Germany’s small press scene is thriving, with an eclectic mix of ambitious publishers seeking out new authors, experimenting with formats and finding audiences.
Portland’s Tin House Press, born out of the eponymous magazine, continues to foster a community of engaged readers interested in eclectic small press publishing.
In an interview, Sunyoung Lee of Kaya Press discusses the poetry and prose from Asian and Pacific Islander diasporas and how she grows readership for these books.
Germany’s Rowohlt and Das Wilde Dutzend (The Wild Dozen) embody the latest thinking in transmedia storytelling, one is re-imagining the thriller and the other, fairy tales.
The self-publishing ecosystem in Germany is expanding into more dramatic experimentation, from crowdsourcing to offering author advances.
Germany’s Skoobe, Flipintu and LOG.OS are bringing fresh ideas and insight to helping German readers find their next book to read or buy.
A German art foundation is experimenting with an open-access self-published monograph as an ebook. Could this be a model for other institutions looking for greater exposure?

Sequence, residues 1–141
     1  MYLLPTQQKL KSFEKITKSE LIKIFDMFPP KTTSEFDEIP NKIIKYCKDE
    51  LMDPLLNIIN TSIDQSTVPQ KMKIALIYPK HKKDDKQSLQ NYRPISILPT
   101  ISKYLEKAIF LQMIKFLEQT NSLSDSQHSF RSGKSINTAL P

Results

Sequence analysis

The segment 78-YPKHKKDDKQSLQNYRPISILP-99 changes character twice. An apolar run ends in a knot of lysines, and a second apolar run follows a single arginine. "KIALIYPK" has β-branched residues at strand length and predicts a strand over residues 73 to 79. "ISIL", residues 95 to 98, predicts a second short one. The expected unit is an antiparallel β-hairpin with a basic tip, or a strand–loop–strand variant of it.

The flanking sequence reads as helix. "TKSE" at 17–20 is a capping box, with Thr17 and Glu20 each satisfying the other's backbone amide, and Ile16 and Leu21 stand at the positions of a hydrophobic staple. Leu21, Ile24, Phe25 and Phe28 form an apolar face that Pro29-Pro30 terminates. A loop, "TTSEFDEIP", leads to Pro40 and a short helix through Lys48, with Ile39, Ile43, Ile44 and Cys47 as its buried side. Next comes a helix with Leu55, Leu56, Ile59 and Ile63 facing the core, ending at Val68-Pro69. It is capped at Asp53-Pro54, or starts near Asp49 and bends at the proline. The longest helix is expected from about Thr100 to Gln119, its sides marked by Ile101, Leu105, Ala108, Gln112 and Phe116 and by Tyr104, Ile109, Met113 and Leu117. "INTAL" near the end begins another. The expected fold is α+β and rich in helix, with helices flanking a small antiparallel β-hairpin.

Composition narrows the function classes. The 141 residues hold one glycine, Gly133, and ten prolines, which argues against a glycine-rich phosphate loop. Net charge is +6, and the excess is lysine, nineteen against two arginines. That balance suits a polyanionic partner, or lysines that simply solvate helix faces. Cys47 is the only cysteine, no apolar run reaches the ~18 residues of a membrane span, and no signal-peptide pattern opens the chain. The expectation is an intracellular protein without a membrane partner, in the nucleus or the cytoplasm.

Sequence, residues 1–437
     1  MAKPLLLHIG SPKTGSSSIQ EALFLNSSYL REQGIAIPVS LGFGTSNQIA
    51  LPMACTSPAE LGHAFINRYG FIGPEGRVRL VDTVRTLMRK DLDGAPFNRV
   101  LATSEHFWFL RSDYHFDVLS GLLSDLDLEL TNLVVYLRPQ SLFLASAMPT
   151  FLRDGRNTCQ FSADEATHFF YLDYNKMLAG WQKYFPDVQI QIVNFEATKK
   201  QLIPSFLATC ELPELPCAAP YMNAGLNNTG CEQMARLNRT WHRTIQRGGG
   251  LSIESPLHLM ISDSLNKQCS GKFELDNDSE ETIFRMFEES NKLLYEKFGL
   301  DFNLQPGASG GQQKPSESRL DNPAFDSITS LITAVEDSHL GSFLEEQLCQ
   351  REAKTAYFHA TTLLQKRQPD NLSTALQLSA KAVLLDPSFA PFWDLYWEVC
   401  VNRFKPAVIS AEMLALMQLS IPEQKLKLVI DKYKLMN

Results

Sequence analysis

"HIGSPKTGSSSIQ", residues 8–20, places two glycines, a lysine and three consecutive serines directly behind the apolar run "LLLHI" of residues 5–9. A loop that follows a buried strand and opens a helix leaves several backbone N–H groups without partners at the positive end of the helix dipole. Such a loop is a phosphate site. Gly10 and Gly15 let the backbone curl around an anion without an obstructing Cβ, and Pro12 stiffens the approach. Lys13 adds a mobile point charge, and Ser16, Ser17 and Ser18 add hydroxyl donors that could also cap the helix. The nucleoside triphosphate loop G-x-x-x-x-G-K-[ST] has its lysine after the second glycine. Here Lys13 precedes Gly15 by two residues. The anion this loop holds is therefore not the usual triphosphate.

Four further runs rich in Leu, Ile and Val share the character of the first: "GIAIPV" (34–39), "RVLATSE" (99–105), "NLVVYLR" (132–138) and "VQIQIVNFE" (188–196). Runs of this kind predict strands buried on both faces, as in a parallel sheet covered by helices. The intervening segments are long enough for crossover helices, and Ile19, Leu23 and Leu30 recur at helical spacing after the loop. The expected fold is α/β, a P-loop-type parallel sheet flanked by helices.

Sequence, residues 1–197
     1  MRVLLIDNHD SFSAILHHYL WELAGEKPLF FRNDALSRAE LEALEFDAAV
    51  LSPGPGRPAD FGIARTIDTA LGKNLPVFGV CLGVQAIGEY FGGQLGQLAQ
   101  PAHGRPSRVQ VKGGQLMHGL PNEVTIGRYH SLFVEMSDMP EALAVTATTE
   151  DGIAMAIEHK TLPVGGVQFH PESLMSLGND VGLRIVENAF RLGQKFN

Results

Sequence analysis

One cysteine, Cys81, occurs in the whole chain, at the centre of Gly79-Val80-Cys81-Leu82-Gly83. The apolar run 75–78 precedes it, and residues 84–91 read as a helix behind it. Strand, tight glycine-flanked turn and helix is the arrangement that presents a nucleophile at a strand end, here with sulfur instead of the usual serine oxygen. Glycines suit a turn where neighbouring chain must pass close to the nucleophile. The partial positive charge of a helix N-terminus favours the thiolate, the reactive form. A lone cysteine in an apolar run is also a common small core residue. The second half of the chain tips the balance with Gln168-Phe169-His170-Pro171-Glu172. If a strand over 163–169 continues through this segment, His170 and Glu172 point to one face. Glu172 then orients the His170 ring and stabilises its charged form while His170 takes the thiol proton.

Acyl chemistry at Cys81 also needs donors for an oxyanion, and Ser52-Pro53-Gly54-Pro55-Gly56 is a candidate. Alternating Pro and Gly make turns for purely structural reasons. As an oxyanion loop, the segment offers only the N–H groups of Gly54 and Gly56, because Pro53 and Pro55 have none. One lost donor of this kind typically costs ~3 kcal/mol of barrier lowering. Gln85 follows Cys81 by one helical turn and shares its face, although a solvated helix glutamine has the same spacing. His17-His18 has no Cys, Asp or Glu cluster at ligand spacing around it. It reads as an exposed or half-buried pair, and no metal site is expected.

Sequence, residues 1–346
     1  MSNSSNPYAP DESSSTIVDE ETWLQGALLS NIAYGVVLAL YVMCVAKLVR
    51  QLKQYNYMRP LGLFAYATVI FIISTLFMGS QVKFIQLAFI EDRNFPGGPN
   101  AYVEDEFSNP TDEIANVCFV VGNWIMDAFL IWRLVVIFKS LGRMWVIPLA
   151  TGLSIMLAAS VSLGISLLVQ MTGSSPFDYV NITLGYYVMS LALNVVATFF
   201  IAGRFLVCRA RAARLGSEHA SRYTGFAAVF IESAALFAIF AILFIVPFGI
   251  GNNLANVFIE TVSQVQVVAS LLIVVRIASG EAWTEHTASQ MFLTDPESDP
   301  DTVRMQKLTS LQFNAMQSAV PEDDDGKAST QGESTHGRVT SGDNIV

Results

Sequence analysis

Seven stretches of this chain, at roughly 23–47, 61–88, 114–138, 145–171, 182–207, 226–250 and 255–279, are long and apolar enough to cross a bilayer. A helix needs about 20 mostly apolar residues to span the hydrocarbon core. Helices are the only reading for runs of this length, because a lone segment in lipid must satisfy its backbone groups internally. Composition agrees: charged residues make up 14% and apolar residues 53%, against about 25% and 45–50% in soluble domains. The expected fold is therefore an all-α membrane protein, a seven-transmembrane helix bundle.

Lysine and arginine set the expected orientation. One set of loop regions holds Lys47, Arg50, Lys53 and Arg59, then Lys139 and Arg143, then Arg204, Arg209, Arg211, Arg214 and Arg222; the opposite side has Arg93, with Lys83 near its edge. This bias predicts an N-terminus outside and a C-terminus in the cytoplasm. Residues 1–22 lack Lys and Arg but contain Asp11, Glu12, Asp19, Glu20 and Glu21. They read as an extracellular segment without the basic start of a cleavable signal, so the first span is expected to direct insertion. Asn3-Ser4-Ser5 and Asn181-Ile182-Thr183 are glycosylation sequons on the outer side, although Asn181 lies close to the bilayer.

At Berlin’s E:PUBLISH conference last week, one felt German publishing had finally fully embraced digital as a means of helping the industry and literature thrive.
At the Frankfurt Book Fair, Kestity Pringgoharjono, Executive Director of the Lontar Foundation, introduced Indonesia as the Fair’s Guest of Honor in 2015.
The varied views from digital publishers on display at Berlin’s Rewrite the Web event revealed one commonality: content always takes precedent over platform.
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